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I've this little script which does it's job pretty well but sometimes it tends to fail. It fails in 2 cases:

  1. with error send: Cannot determine peer address at ./ line 52

  2. with no output or anything, it just fails to deliver what it got to connected Tcp Client. Usually it happens after I disconnect from server, go home and connect it again. To fix this restart is required and it starts working. Sometimes this problem is followed by problem mentioned in point 1.

Note: it's not problem when I disconnect and reconnect to it again within short amount of time (unless error nr 1 happens).

So can anyone help me make this code be a bit more stable so I don't have to restart it every day?

use strict;
use warnings;
use IO::Socket;
use IO::Select;

my $tcp_port = "10008";
my $udp_port = "2099";

my $tcp_socket = IO::Socket::INET->new(
  Listen => SOMAXCONN,  LocalPort => $tcp_port,
  Proto  => 'tcp',      ReuseAddr => 1,
my $udp_socket = IO::Socket::INET->new(
  LocalPort => $udp_port, Proto => 'udp',

my $read_select  = IO::Select->new();
my $write_select = IO::Select->new();


while (1) {
  my @read = $read_select->can_read();

  foreach my $read (@read) {

    if ($read == $tcp_socket) {

        my $new_tcp = $read->accept();

    } elsif ($read == $udp_socket) {

        my $recv_buffer;
        $udp_socket->recv($recv_buffer, 1024, undef);

        my @write = $write_select->can_write();
        foreach my $write (@write) {
share|improve this question
up vote 2 down vote accepted

The Cannot determine peer address error means that the getpeername() returned false. This probably means that the socket has been closed from the other side, possibly between the can_write() call and the send call. You should probably remove it from the select set and move on.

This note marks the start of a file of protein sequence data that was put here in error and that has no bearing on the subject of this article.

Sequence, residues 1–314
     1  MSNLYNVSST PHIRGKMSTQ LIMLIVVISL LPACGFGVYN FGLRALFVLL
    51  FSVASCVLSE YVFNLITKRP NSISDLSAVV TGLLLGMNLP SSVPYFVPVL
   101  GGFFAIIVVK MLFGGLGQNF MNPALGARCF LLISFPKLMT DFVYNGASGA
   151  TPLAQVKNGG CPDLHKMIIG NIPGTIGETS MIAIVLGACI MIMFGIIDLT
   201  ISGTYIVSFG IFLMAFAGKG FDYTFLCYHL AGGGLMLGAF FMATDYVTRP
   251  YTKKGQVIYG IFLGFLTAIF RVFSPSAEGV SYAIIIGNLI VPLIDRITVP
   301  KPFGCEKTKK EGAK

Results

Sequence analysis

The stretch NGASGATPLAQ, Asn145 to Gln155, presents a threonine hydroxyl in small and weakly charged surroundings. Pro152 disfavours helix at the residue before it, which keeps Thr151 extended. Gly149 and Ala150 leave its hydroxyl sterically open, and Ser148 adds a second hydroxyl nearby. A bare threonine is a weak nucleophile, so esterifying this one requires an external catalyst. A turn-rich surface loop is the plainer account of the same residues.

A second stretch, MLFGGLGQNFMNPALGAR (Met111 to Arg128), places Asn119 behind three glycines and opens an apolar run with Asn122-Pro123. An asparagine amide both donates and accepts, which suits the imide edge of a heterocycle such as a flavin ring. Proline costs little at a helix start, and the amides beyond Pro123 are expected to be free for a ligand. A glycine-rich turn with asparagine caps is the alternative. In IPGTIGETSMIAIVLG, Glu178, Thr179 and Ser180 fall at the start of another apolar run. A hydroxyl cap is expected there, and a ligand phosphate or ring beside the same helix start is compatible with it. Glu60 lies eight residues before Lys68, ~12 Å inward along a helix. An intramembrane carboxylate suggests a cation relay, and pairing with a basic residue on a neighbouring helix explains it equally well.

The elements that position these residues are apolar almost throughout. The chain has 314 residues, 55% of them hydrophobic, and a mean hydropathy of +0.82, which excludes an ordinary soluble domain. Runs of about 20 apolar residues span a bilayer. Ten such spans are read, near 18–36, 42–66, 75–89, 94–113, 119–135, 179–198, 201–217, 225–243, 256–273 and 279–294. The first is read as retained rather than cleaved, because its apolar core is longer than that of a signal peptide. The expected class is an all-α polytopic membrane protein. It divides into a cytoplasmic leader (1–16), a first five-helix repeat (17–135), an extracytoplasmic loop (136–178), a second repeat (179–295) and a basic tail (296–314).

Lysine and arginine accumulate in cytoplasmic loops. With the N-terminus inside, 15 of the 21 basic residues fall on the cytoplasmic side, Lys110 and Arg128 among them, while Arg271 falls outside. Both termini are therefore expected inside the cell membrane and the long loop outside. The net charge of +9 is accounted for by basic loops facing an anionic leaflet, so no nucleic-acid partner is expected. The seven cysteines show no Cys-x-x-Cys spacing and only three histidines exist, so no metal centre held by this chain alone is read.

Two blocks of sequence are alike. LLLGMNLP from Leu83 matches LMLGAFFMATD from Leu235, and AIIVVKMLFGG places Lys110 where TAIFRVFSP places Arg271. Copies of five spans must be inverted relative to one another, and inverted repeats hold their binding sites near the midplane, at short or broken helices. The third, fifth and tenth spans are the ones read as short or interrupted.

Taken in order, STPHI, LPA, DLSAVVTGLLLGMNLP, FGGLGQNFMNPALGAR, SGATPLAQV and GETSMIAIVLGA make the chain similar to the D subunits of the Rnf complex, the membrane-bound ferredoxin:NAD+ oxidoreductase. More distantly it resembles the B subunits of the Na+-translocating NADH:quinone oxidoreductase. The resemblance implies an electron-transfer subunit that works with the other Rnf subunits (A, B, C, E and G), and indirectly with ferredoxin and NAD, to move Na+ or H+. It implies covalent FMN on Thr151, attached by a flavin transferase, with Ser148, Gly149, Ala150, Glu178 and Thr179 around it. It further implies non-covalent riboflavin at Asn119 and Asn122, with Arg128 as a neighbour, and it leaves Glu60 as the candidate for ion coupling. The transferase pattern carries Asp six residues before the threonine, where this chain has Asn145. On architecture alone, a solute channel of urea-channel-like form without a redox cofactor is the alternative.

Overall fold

share|improve this answer
Can you be more specific about how could i achieve this. I am not that experienced with perl and tcp/udp select so i hear what you are saying but not sure how to implement that. – MadBoy Feb 22 '10 at 15:54

Found the same issue, with the sock not having a peeraddress.

Looking into IO::Socket at reveals:

sub send { @_ >= 2 && @_ <= 4 or croak 'usage: $sock->send(BUF, [FLAGS, [TO]] +)'; 
my $sock = $_[0]; my $flags = $_[2] || 0; my $peer = $_[3] || $sock->peername; 
croak 'send: Cannot determine peer address' unless($peer);

So you have to take care that either peername is initialized on object creation, or provided the peer address as a third argument to send().

if (! $sock->peeraddr()) {
         $log->warn("No peer, will croak!");
share|improve this answer

In the scenario where your script fails outright, without any error messages, it is probably due to an unhandled signal, usually a SIGPIPE. This can happen if socket operation gets a signal during a send operation. I can reproduce it easily enough in my own systems by simulating many high data volume concurrent connections to a tcp server and simultaneously killing those client connections. Run strace on your script, and you can see the signal clearly enough. That said, I'm trying to figure out how to reproduce the "Cannot determine peer address" error but to no avail....

share|improve this answer
So what you are actually saying? That you want to have the same problem as i do ? :) – MadBoy Apr 16 '10 at 16:32
I need to be able to reproduce the error on demand so I can implement robust automated tests for my code. – Gearoid Murphy Apr 17 '10 at 19:17

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